has often been heard by the neighbors of a stormy night, mingling with the
howling of the blast.
Nobody ever attempts to swim across the creek after dark; on the contrary,
a bridge has been built to guard against such melancholy accidents in the
future; and as to moss-bonkers, they are held in such abhorrence that no
true Dutchman will admit them to his table who loves good fish and hates
the era of the drowned Van Corlear, the normal way across Spuyten
Duyivil Creek during high tide was a ferry, operated until 1673 by
Johannes Verveelen. (During low tide it was often possible to wade
across, whether for travelers on foot or farmers bringing livestock to
the city—probably the origin of the name “Fordham” in the Bronx). But
in 1693, Manhattan got its first bridge, a wooden toll-bridge structure
run by the Philippse family, and built over the old fording spot so
that those crossing the Spuyten Duyvil were forced to pay the toll. The
charter mandated that the king of England and his representatives,
British soldiers, could cross for free, and so it was known as the
King’s Bridge. Around 1713, the Philipse family replaced the
wooden span with a new, 24-foot-wide bridge with a wooden deck laid
over rough stone supports. It would remain the only bridge across the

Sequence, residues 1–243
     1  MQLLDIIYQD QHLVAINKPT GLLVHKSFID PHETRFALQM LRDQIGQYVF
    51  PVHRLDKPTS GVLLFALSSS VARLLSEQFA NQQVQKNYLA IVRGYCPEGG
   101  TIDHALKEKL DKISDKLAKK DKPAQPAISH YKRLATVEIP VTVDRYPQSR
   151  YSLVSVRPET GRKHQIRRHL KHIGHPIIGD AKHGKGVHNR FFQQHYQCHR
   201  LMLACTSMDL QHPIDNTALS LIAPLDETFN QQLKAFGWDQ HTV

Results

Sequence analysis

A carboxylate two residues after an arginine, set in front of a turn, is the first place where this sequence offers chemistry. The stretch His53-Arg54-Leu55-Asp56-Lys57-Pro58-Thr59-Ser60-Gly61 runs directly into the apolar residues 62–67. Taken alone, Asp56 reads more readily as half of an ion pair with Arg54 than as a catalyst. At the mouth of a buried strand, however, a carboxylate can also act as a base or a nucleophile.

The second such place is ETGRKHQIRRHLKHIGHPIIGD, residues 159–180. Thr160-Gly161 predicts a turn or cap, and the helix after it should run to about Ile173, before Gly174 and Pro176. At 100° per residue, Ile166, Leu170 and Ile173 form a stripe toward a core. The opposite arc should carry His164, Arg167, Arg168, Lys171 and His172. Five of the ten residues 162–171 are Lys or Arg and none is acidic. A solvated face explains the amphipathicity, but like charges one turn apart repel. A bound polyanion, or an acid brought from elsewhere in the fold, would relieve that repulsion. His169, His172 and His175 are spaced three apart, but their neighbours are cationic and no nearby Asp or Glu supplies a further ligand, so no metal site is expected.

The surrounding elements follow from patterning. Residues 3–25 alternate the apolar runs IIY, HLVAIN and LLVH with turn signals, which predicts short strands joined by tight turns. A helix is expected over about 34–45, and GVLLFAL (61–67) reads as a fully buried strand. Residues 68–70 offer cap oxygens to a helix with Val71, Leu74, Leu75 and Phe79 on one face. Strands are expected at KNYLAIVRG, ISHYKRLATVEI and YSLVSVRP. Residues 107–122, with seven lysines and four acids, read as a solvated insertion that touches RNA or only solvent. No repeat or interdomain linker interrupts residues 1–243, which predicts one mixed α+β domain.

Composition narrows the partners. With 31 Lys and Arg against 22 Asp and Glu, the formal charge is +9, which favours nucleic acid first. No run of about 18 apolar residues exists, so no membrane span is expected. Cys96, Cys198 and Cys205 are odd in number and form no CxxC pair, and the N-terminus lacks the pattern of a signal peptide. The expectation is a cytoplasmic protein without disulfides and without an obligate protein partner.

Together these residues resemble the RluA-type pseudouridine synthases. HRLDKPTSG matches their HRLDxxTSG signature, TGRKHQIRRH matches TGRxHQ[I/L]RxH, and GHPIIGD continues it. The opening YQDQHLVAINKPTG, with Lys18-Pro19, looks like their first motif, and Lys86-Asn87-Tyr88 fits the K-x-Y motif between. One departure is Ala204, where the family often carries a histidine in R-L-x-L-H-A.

Harlem River until about 1758, when locals built the aptly-named Free
Bridge to avoid tolls on Kingsbridge. Amazingly, the Kingsbridge
structure built in 1713 lasted until 1917—after which it was destroyed
and buried in the landfill around Marble Hill, over the protests of
local historians. But with a lifetime of more than two centuries, this
humble stone-and-wood structure remains the longest-lasting bridge that
New York City has ever had.
Spuyten Duyvil Creek was far too
shallow for larger boats or ships,
and ship traffic between the upper Hudson and Long Island Sound had to
a 25-mile detour around lower Manhattan. In 1895, the Harlem River Ship
Canal was opened after nine years of
work by the Army Corps of Engineers, connecting the Hudson and Harlem
Rivers with a navigable channel for ships across the very northern end
of Manhattan. At the opening ceremonies, it
was said that “the opening of the Harlem Ship Canal was a greater event
than the opening of the Erie Canal.” Spuyten Duyvil Creek was filled
in; the historic Kingsbridge was demolished and buried in the landfill.
Today the curves of Spuyten Duyvil creek are apparent in the curving
border of New York County (Manhattan), which extends around the Marble
Hill section of the Bronx-side mainland of the Ship Canal.
From Old Wells and Watercourses of the Island of Manhattan, by George Everett Hill and George E. Waring, Jr. in Historic New York: the First Series of the Half MoonPapers (New York, 1899):